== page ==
Nov 13, 2013
it's easy to recite the verse, the one that we hear at weddings and memorize in sing-song tones as children.
Love is patient and kind; love does not envy or boast; it is not arrogant or rude. It does not insist on its own way; it is not irritable or resentful; it does not rejoice at wrongdoing, but rejoices with the truth. Love bears all things, believes all things, hopes all things, endures all things. Love never ends.
it's easy to hear it, and know it, but to really sink into our bones is different. patience is still sinking in to mine, and nothing has pressed patience into me more than our marriage. because life with a brain injury is slow. and it's unknown. and it's not clearcut.
which creates a greater void that needs to be filled with patience. which is exactly where i need to be stripped. which is why God gave me to ian.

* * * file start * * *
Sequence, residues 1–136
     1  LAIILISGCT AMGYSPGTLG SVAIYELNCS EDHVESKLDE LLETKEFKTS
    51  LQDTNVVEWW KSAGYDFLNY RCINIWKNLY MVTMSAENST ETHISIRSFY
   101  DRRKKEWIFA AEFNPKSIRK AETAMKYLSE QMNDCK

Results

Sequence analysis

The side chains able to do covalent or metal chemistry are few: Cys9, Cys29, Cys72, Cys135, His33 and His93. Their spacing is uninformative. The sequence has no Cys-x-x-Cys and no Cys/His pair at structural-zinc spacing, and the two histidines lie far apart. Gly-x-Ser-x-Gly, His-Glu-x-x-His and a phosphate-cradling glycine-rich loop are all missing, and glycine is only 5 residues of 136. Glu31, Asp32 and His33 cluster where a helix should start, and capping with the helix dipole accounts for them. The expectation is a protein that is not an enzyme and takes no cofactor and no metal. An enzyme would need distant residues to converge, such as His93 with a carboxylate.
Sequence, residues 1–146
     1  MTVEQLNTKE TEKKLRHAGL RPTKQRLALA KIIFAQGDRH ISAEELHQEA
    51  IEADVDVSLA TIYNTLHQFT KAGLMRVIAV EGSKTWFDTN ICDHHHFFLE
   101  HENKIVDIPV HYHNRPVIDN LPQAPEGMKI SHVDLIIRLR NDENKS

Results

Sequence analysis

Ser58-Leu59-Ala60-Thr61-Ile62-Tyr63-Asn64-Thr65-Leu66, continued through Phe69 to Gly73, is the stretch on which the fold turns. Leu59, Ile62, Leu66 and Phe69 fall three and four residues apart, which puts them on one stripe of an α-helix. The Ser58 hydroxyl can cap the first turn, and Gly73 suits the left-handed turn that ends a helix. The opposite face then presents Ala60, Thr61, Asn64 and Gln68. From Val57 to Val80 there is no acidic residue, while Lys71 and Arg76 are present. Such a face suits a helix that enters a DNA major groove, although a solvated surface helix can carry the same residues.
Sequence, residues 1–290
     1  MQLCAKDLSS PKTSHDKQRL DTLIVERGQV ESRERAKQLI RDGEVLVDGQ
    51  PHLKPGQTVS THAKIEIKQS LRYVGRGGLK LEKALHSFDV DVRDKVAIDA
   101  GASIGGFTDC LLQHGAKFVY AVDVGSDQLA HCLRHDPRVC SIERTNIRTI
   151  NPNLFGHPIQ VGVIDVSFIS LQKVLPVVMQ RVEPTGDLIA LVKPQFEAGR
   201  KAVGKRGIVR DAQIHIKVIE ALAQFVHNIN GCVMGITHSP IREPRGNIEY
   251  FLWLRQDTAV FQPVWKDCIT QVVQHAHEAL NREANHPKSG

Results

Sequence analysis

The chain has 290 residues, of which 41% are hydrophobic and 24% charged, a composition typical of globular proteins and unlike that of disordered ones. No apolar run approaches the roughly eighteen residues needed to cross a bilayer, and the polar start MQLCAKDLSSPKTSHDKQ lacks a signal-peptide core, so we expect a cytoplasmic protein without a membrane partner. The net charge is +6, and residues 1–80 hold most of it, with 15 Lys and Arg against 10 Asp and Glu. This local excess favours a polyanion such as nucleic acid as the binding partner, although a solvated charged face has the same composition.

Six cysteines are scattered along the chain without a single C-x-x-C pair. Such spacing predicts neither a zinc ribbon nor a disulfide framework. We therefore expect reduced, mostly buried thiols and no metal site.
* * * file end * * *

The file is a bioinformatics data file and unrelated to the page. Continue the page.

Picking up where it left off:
i needed him to help me learn patience.
like when he doesn't answer me as quickly as i want him to.
or when i just really want him to be able to walk on his own. (because even in the midst of the excitement of his progress, my heart still sins).
or when we don't yet have what we think we need.
i. i. i. that's what i make it about. the root of my inpatience is my selfishness.
and if someone had been watching, filming, observing my heart and outward acts for the last two days toward my husband, they would not see love that was kind, or un-resentful or patient.
i don't see that in myself.
but i do see my god, hanging on a tree for me, that my impatience might not separate me from him. i see his blood traveling down his body and onto his toes and drip on the ground so that i not be lost in my sin.
i see his head slumped down by death so that i my face may be lifted up to gaze in His face on the ressurrection day.
this was done for me. and for our marriage.